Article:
Sweet Home Nigeria

Okay, it’s doesn’t have the ring to it that immortalized Lynyrd Skynyrd and the iconic Sweet Home Alabama, but as it turns out, it’s okay when things coming out of Nigeria appear a little – or, in the case of spam, a lot – broken. The butt of many a joke, the Nigerian royalty scam, typically called an ‘advanced fee’ scam but better known as 419 spam (named after the section of the Nigerian Criminal Code that deals with fraudulent activity) has long been laughable and just plain outrageous. This is due in large part to its notoriously atrocious English, which incites images of morons with crayons scribbling their first drafts on rubber walls and in large part the vast unlikelihood of the scam’s scenario: a member of the Nigerian royal family, stuck in the horrible position of sitting on several millions of dollars, desperately needing to get the funds out of the country, if only he could find a patsy stupid enough to send him a small good faith money transfer to kick off the process. This example, although not citing Nigeria, is an actual email I received a couple of weeks ago:

HELLO MY BELOVED IN THE LORD.

I AM MRS. ALICE FLORES DUNU, A NATIONALITY OF BELIZE FORMERLY BRITISH HONDURAS, BORN IN THE STATE OF OHIO USA. I AM LEGALLY MARRIED TO MR. JOSHUA DUNU, A GHANAIN CITIZEN BORN BROUGHT UP IN CANADA, I LIVE IN CANADA WITH MY HUSBAND FOR 32 YEARS BEFORE WE MOVE DOWN TO GHANA WEST AFRICA IN 1985 AFTER MY HUSBAND RETIREMENT IN 1981, I AM 79 YEARS OLD BY THE GRACE OF GOD, I AM A NEW CHRISTIAN CONVERT, SUFFERING FROM LONG TIME CANCER…

Blah, blah, blah and so-on. I don’t know why they feel the need to SHOUT, but junk like this seems like more work than it’s worth. Seriously, who falls for this? Believe it or not, this scam has miraculously reaped success for the 419ers.  Two years ago, a 31 year old Nigerian man was sentenced to 12 years in prison for scamming more than $1.3 million out of unsuspecting Americans and other foreign nationals. In another case, a woman – oddly enough, from Sweet Home, Oregon – is out $400,000 because of this scam.

Doesn’t make any sense, does it? Well, this week a researcher at Microsoft finally started to make some sense of the 419 scam, and ohhhh man, does it make sense. In the study entitled “Why do Nigerian Scammers Say They are from Nigeria?” Cormac Herley unravels a nasty little secret about the spam artists that seemed so unfathomable, and yet is so obvious. It’s not an easy read – I suppose you don’t get the title of Principal Researcher without growing accustomed to backing up your data with Calculus – but it does contain some interesting nuggets. In his study, Herley discovers, the 419 scammers are intentionally dumbing down their message.

The Scam’s the Thing…

Yes, you read that right. The scammers are using stupidity as a weapon, it would seem, narrowing down the actual number of people who respond to this type of scam to only the most gullible Internet users. By keeping it dumb, Herley discovered, the scammers aren’t faced with high numbers of false positives – people who respond at first because the email appears to be a legitimate request, but then quickly catch on to the scam. As a result, the scammers aren’t wasting their time on those who can’t be scammed, and instead prey only on those who can be considered to be legitimate targets.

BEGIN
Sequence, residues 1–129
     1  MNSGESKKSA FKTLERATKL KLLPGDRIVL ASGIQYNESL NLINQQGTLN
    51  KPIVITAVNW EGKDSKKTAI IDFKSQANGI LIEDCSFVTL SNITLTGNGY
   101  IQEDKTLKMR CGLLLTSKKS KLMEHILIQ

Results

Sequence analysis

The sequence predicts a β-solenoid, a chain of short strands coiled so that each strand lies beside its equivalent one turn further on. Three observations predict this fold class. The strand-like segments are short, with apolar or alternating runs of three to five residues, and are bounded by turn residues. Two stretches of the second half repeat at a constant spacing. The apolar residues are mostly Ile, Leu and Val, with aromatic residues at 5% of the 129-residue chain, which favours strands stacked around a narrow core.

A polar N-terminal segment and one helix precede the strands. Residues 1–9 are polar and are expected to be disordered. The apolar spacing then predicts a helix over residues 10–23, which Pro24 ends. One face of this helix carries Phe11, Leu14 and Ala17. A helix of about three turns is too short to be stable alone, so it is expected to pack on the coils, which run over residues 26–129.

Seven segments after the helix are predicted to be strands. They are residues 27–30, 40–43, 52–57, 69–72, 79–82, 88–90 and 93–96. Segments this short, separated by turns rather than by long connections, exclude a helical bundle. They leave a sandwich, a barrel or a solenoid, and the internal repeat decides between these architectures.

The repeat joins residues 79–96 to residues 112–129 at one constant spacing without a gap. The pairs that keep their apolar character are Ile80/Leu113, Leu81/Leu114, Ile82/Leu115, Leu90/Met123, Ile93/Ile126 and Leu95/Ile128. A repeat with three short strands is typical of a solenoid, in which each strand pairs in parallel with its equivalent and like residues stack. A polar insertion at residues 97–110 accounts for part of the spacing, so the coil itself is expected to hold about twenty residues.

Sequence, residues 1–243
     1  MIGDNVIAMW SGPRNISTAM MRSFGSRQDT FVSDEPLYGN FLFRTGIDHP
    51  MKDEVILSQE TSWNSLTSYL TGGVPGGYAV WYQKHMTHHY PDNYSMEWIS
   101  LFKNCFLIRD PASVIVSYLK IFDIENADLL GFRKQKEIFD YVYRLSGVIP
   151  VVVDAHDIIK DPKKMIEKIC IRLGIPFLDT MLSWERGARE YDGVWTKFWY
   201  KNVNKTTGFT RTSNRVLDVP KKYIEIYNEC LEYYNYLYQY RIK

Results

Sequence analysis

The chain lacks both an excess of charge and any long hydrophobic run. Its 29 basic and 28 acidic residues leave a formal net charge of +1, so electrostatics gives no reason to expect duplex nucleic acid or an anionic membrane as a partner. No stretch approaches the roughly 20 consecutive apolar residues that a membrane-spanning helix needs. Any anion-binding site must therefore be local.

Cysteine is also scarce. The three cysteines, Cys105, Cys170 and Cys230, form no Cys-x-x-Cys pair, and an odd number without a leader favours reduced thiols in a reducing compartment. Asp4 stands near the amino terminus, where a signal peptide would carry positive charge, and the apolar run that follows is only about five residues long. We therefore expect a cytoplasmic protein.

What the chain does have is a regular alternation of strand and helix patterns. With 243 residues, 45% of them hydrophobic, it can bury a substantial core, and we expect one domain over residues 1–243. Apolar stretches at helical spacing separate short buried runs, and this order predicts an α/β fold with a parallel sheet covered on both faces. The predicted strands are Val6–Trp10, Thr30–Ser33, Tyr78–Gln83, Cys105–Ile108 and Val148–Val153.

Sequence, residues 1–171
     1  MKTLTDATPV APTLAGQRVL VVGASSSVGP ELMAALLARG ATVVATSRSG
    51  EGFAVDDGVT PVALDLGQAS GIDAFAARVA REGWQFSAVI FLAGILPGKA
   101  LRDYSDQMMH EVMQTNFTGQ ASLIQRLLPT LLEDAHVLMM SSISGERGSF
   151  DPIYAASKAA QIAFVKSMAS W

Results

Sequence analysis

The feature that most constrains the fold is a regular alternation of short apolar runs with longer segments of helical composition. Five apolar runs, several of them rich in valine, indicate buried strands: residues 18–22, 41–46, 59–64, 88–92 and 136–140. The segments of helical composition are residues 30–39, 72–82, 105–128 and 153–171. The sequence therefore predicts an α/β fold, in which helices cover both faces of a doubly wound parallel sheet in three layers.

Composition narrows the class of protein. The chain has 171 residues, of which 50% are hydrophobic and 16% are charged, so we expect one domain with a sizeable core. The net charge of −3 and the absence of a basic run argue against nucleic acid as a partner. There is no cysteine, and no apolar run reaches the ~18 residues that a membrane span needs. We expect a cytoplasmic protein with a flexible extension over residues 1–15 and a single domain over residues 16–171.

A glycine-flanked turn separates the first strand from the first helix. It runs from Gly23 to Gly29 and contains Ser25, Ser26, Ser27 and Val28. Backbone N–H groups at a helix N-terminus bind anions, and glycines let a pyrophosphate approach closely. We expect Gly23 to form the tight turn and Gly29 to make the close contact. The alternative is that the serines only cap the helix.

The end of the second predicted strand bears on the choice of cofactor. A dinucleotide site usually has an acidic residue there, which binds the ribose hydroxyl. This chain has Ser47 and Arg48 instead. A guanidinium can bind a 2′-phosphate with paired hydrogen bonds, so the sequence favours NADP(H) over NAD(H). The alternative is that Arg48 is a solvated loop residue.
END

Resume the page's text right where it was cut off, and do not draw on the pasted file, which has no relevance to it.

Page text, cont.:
“Why so little imagination?” Herley queries. Why don’t Nigerian scammers claim to be from some other country? Stupidity, he points out, is an unsatisfactory answer. “The scam requires skill in manipulation, considerable inventiveness and mastery of a language that is non-native for a majority of Nigerians.”

In fact, the scam is designed to weed out those who might make the scammers lives more difficult.

‘Nigerian Scam’, Herley points out, “is one of five suggested auto-completes in a Google search for Nigeria” If the goal was to maximize response to e-mails, it hardly makes sense to mention Nigeria. But who are the most likely targets? “Since the scam is entirely one of manipulation he would like to attack (i.e., enter into correspondence with) only those who are most gullible.”

Holy crap. We knew they aren’t nearly as dumb as they appear to be, but this is downright devious.

Written by Malcolm James

0 Comments

  1. Donald Tomale · June 27, 2012

    Dumbing it down? Wow, I didn’t see that. I never knew anyone who fell for those tricks (goes to show I only associate with intelligent people), that’s why I often wonder how ever could they make money out of those scams.

    Well, it looks like they did, and they did it pretty efficiently well. Pruning less vulnerable people early on is magic. I never realized those people are brilliant, I must admit. Maybe that’s why up to this day, those type of scams, not necessarily from Nigeria, still abound. Goes to show how many gullible people are still around and are born every minute.

  2. Clint Brooks · June 27, 2012

    That is a pretty enlightening look at what most of us consider to be the most beatable scam out there. For them to purposely make us tune out instantly just so they only work with people who will fall for it? ….Suddenly, I’m the one who feels stupid even after reading the poor grammar in those emails.

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